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Acquired Compound Melanocytic Nevus on the Palate of a Child: Report of a Case

Styliani Tziveleka, Maria Georgaki, Efstathios Pettas, Vasiliki Savva, Erofili Papadopoulou, Patroklos Katafygiotis, Emmanouil Vardas, Evangelia Piperi, Nikolaos G Nikitakis
Journal of Oral & Maxillofacial Research 2022, 13 (1): e5

Background: Oral melanocytic nevi are relatively rare in comparison to their cutaneous counterparts. The aim of this manuscript is to present a case of acquired compound oral melanocytic nevi on the hard palatal mucosa of a child.

Methods: A 5-year-old female girl was referred for evaluation of a pigmented lesion on the hard palate. The lesion was asymptomatic and present for approximately 2 months. Oral clinical examination revealed a well-circumscribed brownish macule on the hard palatal mucosa, adjacent to the left first primary upper molar. Considering the recent onset of the lesion, biopsy was recommended, but the patient returned 3 years later, when increase in size with slight asymmetry and colour variation were noticed. An excisional biopsy was performed.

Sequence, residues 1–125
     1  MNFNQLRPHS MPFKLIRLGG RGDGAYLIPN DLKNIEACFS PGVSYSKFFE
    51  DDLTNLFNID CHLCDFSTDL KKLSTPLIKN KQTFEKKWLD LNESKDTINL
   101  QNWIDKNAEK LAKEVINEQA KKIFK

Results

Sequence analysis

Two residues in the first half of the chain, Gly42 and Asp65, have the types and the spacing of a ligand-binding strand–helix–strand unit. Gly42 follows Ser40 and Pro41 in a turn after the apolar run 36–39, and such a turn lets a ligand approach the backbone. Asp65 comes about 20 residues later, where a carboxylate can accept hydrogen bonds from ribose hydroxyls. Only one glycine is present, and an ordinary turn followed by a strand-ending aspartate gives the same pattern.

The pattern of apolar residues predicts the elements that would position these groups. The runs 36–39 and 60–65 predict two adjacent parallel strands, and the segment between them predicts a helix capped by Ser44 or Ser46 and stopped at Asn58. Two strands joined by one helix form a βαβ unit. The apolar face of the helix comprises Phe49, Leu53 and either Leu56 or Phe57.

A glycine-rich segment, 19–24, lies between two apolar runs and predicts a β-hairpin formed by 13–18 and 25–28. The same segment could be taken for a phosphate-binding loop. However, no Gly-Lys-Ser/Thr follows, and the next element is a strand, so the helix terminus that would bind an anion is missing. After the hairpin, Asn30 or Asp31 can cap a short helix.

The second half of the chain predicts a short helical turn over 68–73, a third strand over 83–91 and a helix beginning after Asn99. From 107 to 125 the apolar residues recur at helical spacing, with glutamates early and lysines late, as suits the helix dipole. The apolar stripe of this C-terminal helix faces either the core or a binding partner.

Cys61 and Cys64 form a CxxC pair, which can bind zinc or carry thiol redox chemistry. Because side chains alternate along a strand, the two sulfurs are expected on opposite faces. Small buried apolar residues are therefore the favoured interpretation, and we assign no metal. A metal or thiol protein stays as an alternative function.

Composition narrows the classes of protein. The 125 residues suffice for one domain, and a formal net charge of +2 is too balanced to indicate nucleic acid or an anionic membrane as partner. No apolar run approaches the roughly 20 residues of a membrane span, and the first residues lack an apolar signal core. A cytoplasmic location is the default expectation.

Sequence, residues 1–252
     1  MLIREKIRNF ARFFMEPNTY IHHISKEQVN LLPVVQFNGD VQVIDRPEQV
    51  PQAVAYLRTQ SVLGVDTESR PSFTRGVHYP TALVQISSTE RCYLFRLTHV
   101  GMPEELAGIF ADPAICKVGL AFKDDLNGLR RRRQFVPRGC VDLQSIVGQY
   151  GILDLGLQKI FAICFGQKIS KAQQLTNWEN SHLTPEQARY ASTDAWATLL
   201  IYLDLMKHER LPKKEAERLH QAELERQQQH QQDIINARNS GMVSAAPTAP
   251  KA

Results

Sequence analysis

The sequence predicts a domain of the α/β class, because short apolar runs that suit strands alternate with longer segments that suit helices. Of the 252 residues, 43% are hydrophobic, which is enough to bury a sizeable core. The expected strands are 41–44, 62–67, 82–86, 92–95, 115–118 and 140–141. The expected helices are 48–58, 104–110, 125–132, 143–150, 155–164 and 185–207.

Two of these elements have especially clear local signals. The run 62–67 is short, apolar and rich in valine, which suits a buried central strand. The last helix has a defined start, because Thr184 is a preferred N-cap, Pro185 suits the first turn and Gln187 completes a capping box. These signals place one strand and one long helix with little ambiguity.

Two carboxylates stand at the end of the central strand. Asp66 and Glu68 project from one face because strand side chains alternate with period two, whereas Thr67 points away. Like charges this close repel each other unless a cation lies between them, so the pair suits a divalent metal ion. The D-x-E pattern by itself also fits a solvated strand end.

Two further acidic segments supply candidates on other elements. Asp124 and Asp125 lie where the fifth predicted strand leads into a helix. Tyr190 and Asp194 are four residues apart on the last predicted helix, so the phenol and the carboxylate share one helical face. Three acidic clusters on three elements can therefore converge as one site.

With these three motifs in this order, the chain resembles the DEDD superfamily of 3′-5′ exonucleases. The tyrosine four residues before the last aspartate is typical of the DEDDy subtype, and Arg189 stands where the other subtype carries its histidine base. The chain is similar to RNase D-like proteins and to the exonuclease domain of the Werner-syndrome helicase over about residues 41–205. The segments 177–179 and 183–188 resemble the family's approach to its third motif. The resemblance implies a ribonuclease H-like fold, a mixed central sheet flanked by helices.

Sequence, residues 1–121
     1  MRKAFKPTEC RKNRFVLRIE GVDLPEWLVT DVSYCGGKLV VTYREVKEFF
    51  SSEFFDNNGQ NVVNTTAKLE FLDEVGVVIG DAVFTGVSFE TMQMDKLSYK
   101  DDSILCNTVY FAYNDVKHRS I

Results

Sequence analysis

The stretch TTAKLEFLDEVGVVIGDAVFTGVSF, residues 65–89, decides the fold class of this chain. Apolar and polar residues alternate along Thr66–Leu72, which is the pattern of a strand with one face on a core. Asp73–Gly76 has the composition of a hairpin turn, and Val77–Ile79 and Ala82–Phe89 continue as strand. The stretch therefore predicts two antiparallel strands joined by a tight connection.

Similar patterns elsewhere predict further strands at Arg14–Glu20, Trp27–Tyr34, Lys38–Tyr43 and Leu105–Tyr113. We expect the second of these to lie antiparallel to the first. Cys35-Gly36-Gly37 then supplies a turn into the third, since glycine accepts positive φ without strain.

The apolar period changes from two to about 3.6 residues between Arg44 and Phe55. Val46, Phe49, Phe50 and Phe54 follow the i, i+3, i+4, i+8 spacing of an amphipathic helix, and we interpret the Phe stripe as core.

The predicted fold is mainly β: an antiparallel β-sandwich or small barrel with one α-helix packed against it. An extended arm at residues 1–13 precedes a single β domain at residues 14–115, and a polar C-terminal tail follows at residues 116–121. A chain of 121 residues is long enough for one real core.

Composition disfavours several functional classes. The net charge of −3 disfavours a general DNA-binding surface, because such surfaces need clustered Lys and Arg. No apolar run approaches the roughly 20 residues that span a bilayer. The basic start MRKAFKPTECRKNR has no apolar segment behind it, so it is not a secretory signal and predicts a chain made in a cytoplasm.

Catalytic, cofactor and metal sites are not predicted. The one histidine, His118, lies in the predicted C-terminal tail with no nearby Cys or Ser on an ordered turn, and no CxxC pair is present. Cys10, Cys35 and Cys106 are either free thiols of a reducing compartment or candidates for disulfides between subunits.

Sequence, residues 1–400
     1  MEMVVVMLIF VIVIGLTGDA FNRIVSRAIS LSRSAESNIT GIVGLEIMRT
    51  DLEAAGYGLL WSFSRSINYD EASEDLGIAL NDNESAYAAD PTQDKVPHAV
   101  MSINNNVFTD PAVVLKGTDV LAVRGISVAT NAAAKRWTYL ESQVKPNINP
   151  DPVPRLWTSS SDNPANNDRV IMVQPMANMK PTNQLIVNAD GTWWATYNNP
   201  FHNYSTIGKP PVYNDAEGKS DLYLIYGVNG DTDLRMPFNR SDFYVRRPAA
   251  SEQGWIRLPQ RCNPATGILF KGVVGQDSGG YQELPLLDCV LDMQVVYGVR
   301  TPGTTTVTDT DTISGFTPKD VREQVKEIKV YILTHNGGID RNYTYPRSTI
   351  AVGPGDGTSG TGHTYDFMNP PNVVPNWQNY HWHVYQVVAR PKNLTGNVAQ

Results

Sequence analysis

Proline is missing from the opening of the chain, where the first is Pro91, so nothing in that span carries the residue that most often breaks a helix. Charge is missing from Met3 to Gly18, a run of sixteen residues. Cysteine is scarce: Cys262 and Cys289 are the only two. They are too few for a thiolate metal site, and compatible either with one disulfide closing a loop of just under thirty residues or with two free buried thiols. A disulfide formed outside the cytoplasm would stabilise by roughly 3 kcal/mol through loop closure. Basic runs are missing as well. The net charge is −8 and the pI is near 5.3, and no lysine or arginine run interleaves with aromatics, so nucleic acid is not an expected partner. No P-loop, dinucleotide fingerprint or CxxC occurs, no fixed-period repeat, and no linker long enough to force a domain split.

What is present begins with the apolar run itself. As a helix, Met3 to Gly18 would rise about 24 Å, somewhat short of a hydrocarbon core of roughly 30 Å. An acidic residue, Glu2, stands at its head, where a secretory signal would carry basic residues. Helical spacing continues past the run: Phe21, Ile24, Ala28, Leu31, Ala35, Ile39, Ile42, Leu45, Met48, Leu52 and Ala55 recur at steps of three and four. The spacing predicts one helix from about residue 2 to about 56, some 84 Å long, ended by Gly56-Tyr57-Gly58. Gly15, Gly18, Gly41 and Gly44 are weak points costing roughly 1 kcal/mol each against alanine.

Results: Microscopic examination revealed nevus cells randomly distributed along the basal cell layer and organized into nests along the junctional area and within the papillary layer of lamina propria, while immunohistochemical evaluation showed positivity of nevus cells for SOX-10 and Melan-A. A final diagnosis of compound melanocytic nevi was rendered, and the patient was advised to attend regular follow-up appointments.

Conclusions: Although oral melanocytic nevi are rare in childhood, their potential development should not be overlooked. Acquired oral melanocytic nevi need to be differentiated from several other common (e.g. amalgam tattoo) and uncommon (e.g. melanoma) oral pigmented lesions, as well as from the more rare congenital oral melanocytic nevi. Oral melanocytic nevi with junctional activity (i.e. junctional, compound subtypes) appear to be more common in children, possibly reflecting an earlier developmental stage.

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